As I pointed out to you, this is the very basis upon which “tax leakage” turns. Wrongly excluding these taxes results in tax leakage. Correctly including them results in tax neutrality. Below is a press release issued by Dennis Bruce of HLB Decision Economics following the testimony he gave at the Public Hearings. The operative phrase is: "While federal budgeting is done on a current basis, federal policy analysis is done on a life-cycle basis. Accounting for the life-cycle effects of tax changes, namely deferred taxes, is appropriate in the consideration of tax policy."


Brent Fullard
President and CEO
Canadian Association of Income Trust Investors
www.caiti.info

647 505-2224 (cell)



Independent economists discredit govt tax leakage claims - 10 year phase-in of tax to have minimal costs

OTTAWA, Feb. 1 /CNW Telbec/ - In remarks delivered to the House of Commons Finance Committee Thursday, Dennis Bruce, Vice President of HLB Decision Economics Inc., provided data and supporting documentation to discredit the Department of Finance's tax leakage claims.
"The department is sharply overstating tax leakage," said Mr. Bruce, who added that there would be minimal costs associated with a 10 year phase-in of the new tax on income trust distribution payments.
HLB Decision Economics, an Ottawa-based independent consulting firm that provides analytical consulting services to industry and governments worldwide, has been working on behalf of the income trust sector to develop a comparative analysis of taxes generated under the income trust structure versus the corporate structure.
Mr. Bruce told committee members that his firm worked with the Department of Finance as it prepared the federal government's 2005 consultation paper on the tax effects of income trusts. Specifically, HLB was asked by the department to develop a common methodology and assumptions for deriving tax leakage estimates.
Mr. Bruce said that HLB and the Finance Department achieved consensus on the methodology with one exception - they disagreed on whether to include deferred taxes. Deferred taxes are derived from distributions, capital gains, and dividends received in tax exempt accounts. While they are not immediately taxable, they are taxable upon withdrawal from such accounts.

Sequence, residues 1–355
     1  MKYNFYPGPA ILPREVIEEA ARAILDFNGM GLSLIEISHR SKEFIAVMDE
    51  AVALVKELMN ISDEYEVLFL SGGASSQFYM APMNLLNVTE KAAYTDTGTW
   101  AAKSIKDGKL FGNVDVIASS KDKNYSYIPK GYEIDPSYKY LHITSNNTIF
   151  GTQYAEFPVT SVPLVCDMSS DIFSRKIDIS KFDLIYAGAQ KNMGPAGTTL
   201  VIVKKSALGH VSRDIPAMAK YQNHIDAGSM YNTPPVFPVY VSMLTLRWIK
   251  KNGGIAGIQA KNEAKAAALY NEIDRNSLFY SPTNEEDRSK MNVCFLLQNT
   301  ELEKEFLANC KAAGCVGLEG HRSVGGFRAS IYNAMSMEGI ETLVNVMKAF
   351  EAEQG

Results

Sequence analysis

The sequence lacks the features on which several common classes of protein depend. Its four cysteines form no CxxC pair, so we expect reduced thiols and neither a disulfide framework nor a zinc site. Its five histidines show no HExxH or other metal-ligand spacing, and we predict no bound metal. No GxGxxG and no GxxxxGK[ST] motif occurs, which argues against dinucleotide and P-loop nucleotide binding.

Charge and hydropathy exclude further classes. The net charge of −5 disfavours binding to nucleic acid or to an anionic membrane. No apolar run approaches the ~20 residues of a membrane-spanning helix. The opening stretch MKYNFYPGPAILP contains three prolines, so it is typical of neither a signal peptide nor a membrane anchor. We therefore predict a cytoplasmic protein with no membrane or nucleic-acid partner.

"The discussions that you are hearing about deferred taxes reflect confusion about budgeting convention versus policy analysis," said Mr. Bruce."While federal budgeting is done on a current basis, federal policy analysis is done on a life-cycle basis. Accounting for the life-cycle effects of tax changes, namely deferred taxes, is appropriate in the consideration of tax policy."
Mr. Bruce went on to outline the factors that resulted in the differences between HLB's tax leakage estimates and the tax leakage figures put forward by Finance Minister Jim Flaherty. These factors include:


1) The Department's assumed effective corporate tax rate for energy
trusts fails to reflect the reductions in the tax rates for resource
corporations from 2004 through 2006, from 27.12% to 24.12%. This
results in an overstatement of tax leakage of $84 million;
2) The Department's figure for income trust units held in tax exempt
accounts is overstated. Derived from data from surveys, Statistics
Canada, interviews and Scotia Capital Markets data, the percentage of
units held in tax exempt accounts is 31 percent, less than the
Department's 38 percent estimate. This results in an overstatement of
tax leakage of $125 million;
3) The value of deferred taxes is excluded from the Department of Finance
analysis. This results in an overstatement of tax leakage of
$80 million; and,
4) The Finance Department's atypical inclusion of the impact of limited
partnerships, which reduces the tax leakage to $45 million.
5) The impact of future legislated tax changes post 2010 has not been
accounted for. Doing so reduces the ongoing federal tax leakage after
2010 by $232 million.

Mr. Bruce stressed that the discrepancies between HLB and the Finance Department led his firm to conclude that the Finance Department is "sharply overstating tax leakage."

Specifically, HLB concluded that:

- Federal tax leakage for 2006 was $164 million, not the
half billion dollars stated by the Department; and,
- Ongoing tax leakage, post 2010, after taking into account legislated
tax changes, is $32 million per year, about five percent of the
Department's figures.



For further information: Dennis Bruce, Vice President, HDR - HLB Decision Economics Inc. (613) 234-0080; Cell: (709) 632-1708

1 comment:

Robert Gibbs said...

How typical of media organizations, politicians and others who gladly ignore the alternative credible evidence so as to continue with their pre-conceived notions, ideology and biases.

Examples such as this provide at least one reason why respect for journalists and the media has declined over the years.

Based on a poll from earlier this year, I believe the only persons who rated lower were politicians.